Official opening of the Commonwealth Magistrates’ and Judges’ Association conference
The President of Trinidad and Tobago, Her Excellency Ms Paula-Mae Weeks ORTT; Chief Justices – national and State; Your Honours – of whom I am pleased to see there are many joining us from both Australia and beyond; distinguished guests; ladies and gentlemen.
May I acknowledge the Traditional Custodians of the lands on which we gather, the Turrbul and Jagera peoples, with my expression of respect for their Elders past and present, and my expression of encouragement for their young emerging leaders.
Thank you, Uncle Albert, for your characteristically thoughtful Welcome to Country. I admired your reference to the resilience and determination of the Indigenous people of this nation, qualities which will continue to be important as our unified nation progresses.
Those qualities are these days raised also in a different but defining context, and that is our persisting drought, with 100 per cent of the State of New South Wales drought declared, and 57 per cent of Queensland.
This crippling drought has persisted now for as long as seven years.
Our empathy lies particularly with our pastoralists, as they exhibit extraordinary resilience and determination.
I congratulate the boys of Brisbane Grammar School, for the parade of Commonwealth flags, and master Exodus Lale for his rendition of the National Anthem: both of them most moving experiences.
After earlier this year having the privilege of attending the highly successful Commonwealth Games – centred on our Gold Coast but extending throughout this vast State – I am so pleased to be associated with another, though rather different, Commonwealth initiative.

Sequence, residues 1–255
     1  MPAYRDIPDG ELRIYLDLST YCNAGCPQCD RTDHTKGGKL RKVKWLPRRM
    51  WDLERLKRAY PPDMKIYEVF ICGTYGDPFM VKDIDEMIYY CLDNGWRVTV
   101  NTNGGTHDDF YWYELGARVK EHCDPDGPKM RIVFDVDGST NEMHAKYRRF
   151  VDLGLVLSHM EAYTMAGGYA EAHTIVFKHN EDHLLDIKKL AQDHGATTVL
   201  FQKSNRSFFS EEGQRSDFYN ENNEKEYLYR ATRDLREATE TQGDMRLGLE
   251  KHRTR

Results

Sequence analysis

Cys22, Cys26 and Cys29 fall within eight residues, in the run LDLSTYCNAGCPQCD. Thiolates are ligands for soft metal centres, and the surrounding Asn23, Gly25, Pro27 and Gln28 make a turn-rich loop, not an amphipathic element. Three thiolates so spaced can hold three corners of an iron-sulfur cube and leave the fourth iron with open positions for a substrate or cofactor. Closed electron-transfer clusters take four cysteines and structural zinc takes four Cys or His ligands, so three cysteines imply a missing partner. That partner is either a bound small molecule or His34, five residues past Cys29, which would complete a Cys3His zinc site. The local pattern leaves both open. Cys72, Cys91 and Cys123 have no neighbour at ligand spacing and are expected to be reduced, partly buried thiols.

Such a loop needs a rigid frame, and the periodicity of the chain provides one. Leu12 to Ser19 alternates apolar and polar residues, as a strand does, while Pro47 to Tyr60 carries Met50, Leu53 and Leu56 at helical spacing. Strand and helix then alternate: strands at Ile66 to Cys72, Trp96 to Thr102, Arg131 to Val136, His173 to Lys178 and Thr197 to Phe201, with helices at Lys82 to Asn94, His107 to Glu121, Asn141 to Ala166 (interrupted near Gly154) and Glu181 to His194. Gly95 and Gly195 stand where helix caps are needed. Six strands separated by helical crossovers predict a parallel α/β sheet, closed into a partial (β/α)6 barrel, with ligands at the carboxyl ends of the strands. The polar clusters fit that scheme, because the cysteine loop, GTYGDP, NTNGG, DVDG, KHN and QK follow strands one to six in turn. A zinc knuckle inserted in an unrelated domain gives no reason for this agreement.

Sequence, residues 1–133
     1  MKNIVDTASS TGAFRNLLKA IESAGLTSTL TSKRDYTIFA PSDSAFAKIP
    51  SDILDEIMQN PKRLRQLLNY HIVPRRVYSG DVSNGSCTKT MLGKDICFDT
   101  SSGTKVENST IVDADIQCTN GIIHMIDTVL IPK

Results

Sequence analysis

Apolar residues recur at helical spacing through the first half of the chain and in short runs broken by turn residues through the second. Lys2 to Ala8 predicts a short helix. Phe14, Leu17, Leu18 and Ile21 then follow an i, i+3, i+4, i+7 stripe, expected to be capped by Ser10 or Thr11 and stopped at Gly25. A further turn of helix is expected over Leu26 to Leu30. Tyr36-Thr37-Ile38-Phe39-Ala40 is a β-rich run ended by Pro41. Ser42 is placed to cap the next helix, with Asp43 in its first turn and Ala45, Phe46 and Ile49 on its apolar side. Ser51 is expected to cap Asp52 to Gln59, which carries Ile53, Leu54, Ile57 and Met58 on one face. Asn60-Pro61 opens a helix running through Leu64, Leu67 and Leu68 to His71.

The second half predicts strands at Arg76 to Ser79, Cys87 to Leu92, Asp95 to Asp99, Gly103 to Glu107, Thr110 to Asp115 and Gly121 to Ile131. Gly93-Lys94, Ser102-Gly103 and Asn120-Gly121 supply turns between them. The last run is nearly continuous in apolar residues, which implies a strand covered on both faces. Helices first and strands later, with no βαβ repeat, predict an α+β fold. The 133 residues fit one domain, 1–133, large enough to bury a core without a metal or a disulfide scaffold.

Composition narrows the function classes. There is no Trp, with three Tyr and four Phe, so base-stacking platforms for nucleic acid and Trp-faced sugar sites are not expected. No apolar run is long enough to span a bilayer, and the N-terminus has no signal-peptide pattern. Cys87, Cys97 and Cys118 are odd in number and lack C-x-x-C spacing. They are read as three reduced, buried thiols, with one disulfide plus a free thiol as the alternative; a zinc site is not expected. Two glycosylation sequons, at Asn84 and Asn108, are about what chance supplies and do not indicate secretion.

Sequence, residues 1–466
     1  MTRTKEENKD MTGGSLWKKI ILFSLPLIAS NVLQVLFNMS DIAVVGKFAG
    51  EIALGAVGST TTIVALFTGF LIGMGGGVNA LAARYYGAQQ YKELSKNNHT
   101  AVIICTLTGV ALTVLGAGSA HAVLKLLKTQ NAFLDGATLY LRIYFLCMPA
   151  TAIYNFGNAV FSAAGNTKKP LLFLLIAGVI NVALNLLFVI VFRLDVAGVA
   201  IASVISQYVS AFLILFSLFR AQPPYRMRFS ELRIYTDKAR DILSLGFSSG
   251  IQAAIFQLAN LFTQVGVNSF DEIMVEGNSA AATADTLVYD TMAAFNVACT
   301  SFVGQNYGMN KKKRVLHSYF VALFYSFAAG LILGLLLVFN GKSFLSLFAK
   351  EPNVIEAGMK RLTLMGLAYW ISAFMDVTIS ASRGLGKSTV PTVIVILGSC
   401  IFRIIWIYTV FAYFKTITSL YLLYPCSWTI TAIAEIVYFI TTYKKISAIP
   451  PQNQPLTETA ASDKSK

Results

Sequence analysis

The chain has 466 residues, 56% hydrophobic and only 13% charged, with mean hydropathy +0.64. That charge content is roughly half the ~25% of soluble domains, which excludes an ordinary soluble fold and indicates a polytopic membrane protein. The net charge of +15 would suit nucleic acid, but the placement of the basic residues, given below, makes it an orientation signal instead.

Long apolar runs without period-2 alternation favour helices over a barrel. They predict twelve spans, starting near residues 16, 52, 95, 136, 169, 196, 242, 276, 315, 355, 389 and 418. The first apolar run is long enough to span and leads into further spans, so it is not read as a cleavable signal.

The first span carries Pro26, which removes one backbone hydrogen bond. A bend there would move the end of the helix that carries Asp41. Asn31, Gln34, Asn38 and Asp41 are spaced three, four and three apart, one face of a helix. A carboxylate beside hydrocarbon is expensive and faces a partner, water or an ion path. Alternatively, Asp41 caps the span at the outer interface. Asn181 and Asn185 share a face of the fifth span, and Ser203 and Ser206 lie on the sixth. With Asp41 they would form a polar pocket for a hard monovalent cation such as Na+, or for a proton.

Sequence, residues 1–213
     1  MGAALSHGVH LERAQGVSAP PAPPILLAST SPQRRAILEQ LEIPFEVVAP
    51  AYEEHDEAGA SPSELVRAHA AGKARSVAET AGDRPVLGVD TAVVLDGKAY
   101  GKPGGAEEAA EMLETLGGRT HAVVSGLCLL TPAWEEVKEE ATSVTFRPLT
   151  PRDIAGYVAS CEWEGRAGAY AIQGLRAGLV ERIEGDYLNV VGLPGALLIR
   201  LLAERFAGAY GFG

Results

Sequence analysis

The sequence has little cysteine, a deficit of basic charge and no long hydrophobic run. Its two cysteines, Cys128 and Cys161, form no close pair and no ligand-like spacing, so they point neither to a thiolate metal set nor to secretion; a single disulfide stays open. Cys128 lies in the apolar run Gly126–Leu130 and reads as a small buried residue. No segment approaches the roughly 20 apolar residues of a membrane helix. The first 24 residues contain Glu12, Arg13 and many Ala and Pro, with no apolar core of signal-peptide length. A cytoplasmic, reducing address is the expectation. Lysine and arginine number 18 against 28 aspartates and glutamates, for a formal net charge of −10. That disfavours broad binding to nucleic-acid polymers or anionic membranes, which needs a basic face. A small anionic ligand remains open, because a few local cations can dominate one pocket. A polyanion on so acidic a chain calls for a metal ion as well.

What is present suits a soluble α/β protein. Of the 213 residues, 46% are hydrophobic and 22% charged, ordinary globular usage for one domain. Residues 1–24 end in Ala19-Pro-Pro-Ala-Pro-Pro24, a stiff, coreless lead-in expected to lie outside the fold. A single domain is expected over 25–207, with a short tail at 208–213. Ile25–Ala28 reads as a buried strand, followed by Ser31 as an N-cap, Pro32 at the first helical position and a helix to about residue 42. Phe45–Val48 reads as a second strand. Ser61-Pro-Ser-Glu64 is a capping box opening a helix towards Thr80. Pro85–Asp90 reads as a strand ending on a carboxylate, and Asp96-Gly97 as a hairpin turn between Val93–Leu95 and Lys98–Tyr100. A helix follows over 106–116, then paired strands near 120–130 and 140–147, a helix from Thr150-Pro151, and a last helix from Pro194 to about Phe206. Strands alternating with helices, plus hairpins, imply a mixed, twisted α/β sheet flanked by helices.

While we eschew smugness, we are in truth the most grateful beneficiaries of systems of law which are about the best there could be; and I have in mind Winston Churchill’s comment on the democratic system.
The Commonwealth of Nations is a remarkable phenomenon, and one of which Her Majesty is justly proud; and to have spawned legal systems marked by independence, predictability and for the most part stability, is a quite extraordinary hallmark.
I won’t say any more about the legal systems, because today I am speaking to the converted, but I do want to comment on two aspects of your being here.
The first is to proclaim the wonders of the location, already no doubt self-evident to the many visitors joining us for this international conference – the first held in Australia since 1991.
This State is a gem, and its capital city surpasses the semi-precious. During your stay I hope you all have the opportunity to trespass beyond the conference venue into Brisbane, into Queensland.
Second, I applaud the concept of this long-standing conference.
When I joined the Supreme Court of Queensland in 1985, my wife and I – to that point regular overseas travellers, were reconciled to ‘staying-put’ – itself an attractive position.
But then within a couple of years Queensland judges were given a monetary travelling allowance, and the broadening of all of our horizons soon became apparent. Sharing experiences and views away from home can be immensely valuable in improving the local product.
The development of outward looking judiciaries is to be strongly encouraged.
I did not as a Judge have the opportunity to attend this important conference, though over about 11 years I chaired the Lawasia-affiliated Conference of Chief Justices of Asia and the Pacific.
And so I need no persuading of the high value of conferences like this, especially for the collegiality they engender.
By way of formally opening the conference may I warmly welcome you all to Queensland, and wish you the very best during your visit here – may it be engaging, informative, and entertaining.
Thank you, and welcome.